RIP Robin Williams

RIP Robin Williams

RIP Robin WilliamsRIP Robin Williams

It’s been a hard few days for me. A lot goes on in life. Client needs, family needs and of course business needs, so the news that Robin Williams had taken his own life hit me hard. I am not one to follow celebrity. I rarely watch the news. I am too involved in the present. Too involved with Shifting the Paradigm of Sport Psychology & Mental Training to  something that everyone will see as important and use to watch what goes on outside my little window of life. I work with people who are normal to exceptional. I understand genius on the field and off, it has been my life work. How to bring people to the next level. So I look for it in others, not just in sports, not just in business, but where it exists. So I have watched the genius who was Robin Williams intently. RIP Robin Williams.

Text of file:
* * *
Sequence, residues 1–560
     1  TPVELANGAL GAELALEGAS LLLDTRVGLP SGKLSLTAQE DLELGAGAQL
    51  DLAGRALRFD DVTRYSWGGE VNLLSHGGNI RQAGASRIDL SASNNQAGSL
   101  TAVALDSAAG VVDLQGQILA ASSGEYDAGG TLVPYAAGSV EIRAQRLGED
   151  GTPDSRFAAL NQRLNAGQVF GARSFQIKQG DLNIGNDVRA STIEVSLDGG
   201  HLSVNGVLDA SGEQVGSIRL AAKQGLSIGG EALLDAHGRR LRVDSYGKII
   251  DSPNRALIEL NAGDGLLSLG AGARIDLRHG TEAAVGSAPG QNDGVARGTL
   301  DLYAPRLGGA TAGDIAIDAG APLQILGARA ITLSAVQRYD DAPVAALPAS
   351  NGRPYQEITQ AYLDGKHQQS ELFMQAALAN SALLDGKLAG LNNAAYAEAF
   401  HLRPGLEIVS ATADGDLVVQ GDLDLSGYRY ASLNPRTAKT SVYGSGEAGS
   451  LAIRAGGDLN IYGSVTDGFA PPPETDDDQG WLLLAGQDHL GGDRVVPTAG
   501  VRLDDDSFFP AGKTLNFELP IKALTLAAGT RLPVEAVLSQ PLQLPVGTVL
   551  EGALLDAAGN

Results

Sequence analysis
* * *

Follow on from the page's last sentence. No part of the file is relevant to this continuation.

I’m old enough to have watched Mork from Ork. To have seen him play-off with Jonathan Winters. To have seen him in roles like Popeye and wondered how things would go from there. Good Morning Vietnam was eye opening. Yes there was comedy, the riffs as he was playing the DJ role, but there was much more there, wasn’t there? He could act. He was no longer Mork. Not the stand-up comic, but an actor. Eye opening. RIP Robin Williams.

Then came roles like Dead Poets Society and Good Will Hunting and the depth of his abilities grew more. He moved me in ways I couldn’t understand at the time. From comic to Soldier DJ to Teacher and to Psychologist (naturally this one hits home) he was remarkable. His family movies came out when I was raising my sons. Their first thoughts of him were from Aladdin and Jumanji. He touched all of the buttons. He played some disturbing roles as well like pervert killers. He played every man and he played villains and comics. There are great actors and he was one. RIP Robin Williams.